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The Female Guide Who Didn't Exist

February 17, 2018

I was told I would never find a female trip leader in northern India. What I’ve learned during this whole process however, is never to accept what people tell you in situations like that. Perhaps it’s easier just to do the normal thing and not to challenge the way things are done, but after a huge amount of searching, it turns out that there was someone… 


I first met Jangu Lepcha in a small hotel room in Siliguri, Northern India, just by the border into Sikkim. Naturally, the first thing I did in a panic was to show her my chairpack, which luckily she seemed to like. I was nervous what she thought about the trip and the ideas behind it, I hadn’t even spoken to her on email before I arrived, it was all done through a contact we both vaguely knew. 

 

 

But as I came to realise as the trip went on, with Jangu there was no need to worry. “I’ve brought my own traditional clothes too”, she beamed at me, instantly relieving my nervous stomach. She’d read up all about Alexandra David-Néel, and seemed as fascinated and inspired by her as I first was all those years ago. This was a lifeline for me when my many moments of confusion and insecurity about the trip would set in.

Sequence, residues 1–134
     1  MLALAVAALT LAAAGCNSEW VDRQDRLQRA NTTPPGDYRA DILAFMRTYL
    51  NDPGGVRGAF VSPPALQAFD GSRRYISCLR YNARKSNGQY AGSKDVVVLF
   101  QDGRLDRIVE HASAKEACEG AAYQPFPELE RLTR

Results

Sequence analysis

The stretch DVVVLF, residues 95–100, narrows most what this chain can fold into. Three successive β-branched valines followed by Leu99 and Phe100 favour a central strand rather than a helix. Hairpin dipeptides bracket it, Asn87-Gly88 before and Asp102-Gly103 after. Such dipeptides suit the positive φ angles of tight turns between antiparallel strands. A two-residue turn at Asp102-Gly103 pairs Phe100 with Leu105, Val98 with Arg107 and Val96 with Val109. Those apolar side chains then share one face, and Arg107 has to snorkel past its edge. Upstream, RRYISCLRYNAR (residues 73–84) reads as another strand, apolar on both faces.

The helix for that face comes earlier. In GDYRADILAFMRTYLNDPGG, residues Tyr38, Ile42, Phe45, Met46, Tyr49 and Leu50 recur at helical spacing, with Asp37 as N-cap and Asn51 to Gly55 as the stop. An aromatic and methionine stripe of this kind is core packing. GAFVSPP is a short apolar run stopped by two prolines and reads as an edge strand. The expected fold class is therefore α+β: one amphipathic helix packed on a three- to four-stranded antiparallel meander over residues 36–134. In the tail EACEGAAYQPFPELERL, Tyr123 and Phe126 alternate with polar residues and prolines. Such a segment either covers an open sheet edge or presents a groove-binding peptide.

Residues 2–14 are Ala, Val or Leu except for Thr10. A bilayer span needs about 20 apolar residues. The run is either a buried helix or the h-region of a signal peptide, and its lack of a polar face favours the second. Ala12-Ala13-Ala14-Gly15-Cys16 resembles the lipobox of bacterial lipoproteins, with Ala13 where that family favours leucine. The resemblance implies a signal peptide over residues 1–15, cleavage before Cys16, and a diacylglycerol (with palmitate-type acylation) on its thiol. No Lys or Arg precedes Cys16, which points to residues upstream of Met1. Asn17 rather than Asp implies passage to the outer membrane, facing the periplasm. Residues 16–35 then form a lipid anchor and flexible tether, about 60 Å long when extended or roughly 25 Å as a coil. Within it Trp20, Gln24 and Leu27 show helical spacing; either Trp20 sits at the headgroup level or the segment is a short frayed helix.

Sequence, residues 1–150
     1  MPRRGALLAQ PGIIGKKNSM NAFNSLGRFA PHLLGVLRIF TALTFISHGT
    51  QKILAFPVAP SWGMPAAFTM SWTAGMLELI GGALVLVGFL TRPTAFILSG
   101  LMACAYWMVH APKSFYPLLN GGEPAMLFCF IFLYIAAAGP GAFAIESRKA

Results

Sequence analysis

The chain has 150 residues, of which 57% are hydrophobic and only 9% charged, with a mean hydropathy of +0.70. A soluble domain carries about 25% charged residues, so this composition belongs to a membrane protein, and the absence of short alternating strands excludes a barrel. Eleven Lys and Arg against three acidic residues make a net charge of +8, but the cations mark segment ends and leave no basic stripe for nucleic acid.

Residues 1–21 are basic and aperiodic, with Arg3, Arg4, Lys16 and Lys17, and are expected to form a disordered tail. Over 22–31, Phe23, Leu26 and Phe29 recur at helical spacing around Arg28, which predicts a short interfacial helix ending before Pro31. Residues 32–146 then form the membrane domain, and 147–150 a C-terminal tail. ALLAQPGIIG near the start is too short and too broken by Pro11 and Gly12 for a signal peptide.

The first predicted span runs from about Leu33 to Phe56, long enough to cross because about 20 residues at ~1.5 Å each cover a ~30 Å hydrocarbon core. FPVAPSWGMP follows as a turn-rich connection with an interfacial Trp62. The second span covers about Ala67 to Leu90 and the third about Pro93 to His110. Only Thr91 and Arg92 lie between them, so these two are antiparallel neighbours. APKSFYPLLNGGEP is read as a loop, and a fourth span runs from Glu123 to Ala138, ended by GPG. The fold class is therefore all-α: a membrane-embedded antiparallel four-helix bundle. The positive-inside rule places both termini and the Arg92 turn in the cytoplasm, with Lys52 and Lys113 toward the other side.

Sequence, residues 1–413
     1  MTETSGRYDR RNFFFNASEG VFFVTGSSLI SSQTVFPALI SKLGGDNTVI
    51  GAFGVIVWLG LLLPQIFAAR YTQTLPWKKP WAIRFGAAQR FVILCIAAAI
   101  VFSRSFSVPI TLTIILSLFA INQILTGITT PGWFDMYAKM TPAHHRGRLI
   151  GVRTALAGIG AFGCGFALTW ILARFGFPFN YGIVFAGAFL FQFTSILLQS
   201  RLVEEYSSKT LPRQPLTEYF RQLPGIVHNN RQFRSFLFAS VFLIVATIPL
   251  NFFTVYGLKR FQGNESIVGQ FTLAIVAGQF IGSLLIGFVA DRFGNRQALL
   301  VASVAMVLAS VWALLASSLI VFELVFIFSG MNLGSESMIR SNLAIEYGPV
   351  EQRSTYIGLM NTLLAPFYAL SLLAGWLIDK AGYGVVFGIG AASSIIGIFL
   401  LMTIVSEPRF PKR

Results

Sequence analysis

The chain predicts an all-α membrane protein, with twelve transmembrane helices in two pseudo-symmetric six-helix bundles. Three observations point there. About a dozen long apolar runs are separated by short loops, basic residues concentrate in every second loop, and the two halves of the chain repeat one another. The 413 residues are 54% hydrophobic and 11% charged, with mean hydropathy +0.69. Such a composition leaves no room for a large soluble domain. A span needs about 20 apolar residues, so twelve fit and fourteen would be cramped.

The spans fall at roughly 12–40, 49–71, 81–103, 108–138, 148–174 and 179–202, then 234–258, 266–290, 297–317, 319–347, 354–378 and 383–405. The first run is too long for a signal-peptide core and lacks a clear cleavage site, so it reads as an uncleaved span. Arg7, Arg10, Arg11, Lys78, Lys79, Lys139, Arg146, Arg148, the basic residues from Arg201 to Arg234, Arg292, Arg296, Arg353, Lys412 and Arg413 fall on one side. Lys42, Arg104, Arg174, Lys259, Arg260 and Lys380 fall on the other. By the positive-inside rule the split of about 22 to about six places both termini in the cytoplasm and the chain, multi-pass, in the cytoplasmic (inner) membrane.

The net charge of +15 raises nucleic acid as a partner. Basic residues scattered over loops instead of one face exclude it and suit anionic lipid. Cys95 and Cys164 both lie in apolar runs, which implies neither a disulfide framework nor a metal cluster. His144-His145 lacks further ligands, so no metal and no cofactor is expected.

This enthusiasm and confidence was to get me through many a tough time. Jangu was incredibly patient, kind and understanding as well as fantastic company, and of course a laugh. She was there pulling me up every time I fell over, to share thoughts with, to guide us and tell us about our surroundings but most importantly as a friend. I wouldn’t have coped anywhere near as well if I didn’t Jangu (and of course camerawoman Emily) there to support me. Women have an instinct about what each other’s needs and we formed such a strong bond, one that you could only get from travelling with other women.

 

 

 As far as she knows, Jangu is the only female guide in Sikkim, especially one who is from the area and of Lepcha decent. The Lepchas were the original inhabitants of Sikkim, and many still worship nature. Most Lepcha communities no longer live in the forests, and life can be hard in the villages where they now have to live. Jangu spends much of her time going back to her village and trying to help the women and girls there develop skills for their future. Her dream is to eventually set up Jangu’s Adventure School for Girls, where she can train girls to become mountain guides, and employ local women to work in a homestay. 


Jangu is such an inspiring woman, she surprised Emily and I every day and looked after us as if we were part of her family. This trip would not have been able to happen without her, and it scares me to think what it would have been like if she wasn’t a part of it. Jangu certainly has a friend and number one fan for life now – me!

 

 


 

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